Deformational Plagiocephaly is an asymmetry of the skull, most commonly on the back and side of the head. As parents, you may notice asymmetry of their face and skull, this includes a flattening of your baby’s head, forward placement of their ear and some bulging on the front part of their skull. Research tells us that there has been a rapid increase in plagiocephaly since the American Academy of Paediatrics Back to Sleep Campaign in the early 1990’s. It is important to note, that not all children who sleep on their back develop a ‘flat head’. So, what are the other risk factors?
• male gender
• positional preference
• limited head movement
• first-born child
• lower level of activity and lack of tummy time
The skull/cranial system of babies is soft and heavy, and a lack of head turning or a preference to turn the head to one side, may initiate flattening. In practice, I commonly assess the movement of the cranial or cervical (neck) region and notice that when there are imbalances here, this may create a positional preference particularly while sleeping.
The easiest way to observe if your baby has a flat head, is to lay them on their back and look directly at the top of their head.
A common observation I have seen in practice is parents notice their baby:
• favours one side in the cot whilst asleep or during floor time while playing
• favours one breast when breastfeeding
• is fussy to attach to the breast
• dislikes Tummy Time
There are some great ways you can help encourage strength and range of movement of the neck at home, these include active tummy time and ball rocking. View my previous blog post on Having Fun with Tummy Time for more details.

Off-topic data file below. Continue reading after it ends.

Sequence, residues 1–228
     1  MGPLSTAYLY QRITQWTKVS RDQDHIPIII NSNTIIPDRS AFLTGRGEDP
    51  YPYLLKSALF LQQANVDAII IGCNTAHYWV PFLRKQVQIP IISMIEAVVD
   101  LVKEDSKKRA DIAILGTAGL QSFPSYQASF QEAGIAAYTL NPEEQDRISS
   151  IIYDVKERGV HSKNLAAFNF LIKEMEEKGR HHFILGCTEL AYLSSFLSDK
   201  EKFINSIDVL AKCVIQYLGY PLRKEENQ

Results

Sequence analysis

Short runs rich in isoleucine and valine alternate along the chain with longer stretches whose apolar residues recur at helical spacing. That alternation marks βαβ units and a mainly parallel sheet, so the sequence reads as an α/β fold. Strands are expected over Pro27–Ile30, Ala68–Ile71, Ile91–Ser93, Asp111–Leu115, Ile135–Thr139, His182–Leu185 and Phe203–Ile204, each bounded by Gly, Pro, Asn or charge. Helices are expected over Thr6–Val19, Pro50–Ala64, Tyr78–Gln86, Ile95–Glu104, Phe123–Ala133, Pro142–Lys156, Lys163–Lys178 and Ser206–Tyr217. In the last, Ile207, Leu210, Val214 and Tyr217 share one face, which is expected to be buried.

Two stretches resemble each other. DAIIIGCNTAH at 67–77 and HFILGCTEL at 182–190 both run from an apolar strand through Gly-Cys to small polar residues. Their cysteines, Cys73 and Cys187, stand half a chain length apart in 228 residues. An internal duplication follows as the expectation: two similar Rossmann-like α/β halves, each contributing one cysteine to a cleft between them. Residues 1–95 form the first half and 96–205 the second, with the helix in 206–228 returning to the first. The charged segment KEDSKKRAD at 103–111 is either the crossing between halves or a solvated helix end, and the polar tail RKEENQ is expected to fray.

Research suggests that when Deformational Plagiocephaly is left unaddressed, language and cognitive development is affected, even into toddler and childhood years. The good news is, there is a large window of opportunity where changes can be made to assist babies who have deformational plagiocephaly or ‘flat head’. In my practice, you’ll expect me to ask a detailed history about your pregnancy, your birth, and your baby’s sleep, play, feeding habits plus more. In terms of my assessment, I use a craniometer to measure the degree of plagiocephaly, and I assess for muscle tone, milestone achievement, primitive and postural reflexes. All of which is thorough and specific to you and your baby’s case, as this allows me to provide an appropriate care plan.
Dr Carla Vescio, Chiropractor
BHSc(Chiro), MClinChiro, Webster Certified
If you have any questions, feel free to speak with Dr. Carla about your options. You can make a booking to meet with Dr. Carla here
- Branch., L.G, Kesty., K, Krebs., R, Wright., L, Leger., S, & David., L.R. (2015). Deformational plagiocephaly and craniosynostosis: trends in diagnosis and treatment after the back to sleep campaign. Journal of Craniofacial Surgery. 26(1), 147-140. doi: 10.1097/SCS.0000000000001401.
- Collett, BR., et al. (2011). Development in toddlers with and without deformational plagiocephaly. Archives of Pediatrics and Adolescent Medicine, 165(7), 653-658. doi: 10.1001/archpediatrics.2011.92.
- Collett, BR., et al. (2012). Development at age 36months in children with deformational plagiocephaly. Journal of the American Academy of Pediatrics, 131(1), 109-115. doi: 10.1542/peds.2012-1779.
- De Bock., F, Braun., V, Renz-Polster., H. (2017). Deformational Plagiocephaly in normal infants: a systematic review of causes and hypotheses. Archives of disease in childhood. 102(6), 535-542. doi: 10.1136/archdischild-2016-312018.
- Hutchinson., L, Stewart., A, Mitchell., E. (2007). Infant sleep position, head shape concerns, and sleep positioning devices. Journal of Paediatrics and Child Health, 43(4), 243-248. doi: 10.1111/j.1440-1754.2007.01054.x
- Murgia., M, Venditto., T, Paoloni., M, Hodo., B, Alcuri., R, Bernetti., A, Santilli., V, & Mangone., M. (2016). Assessing the cervical range of motion in infant with potiional plagiocephaly. The Journal of Craniofacial Surgery. 27(4)1060-1064. doi: 10.1097/SCS.0000000000002644.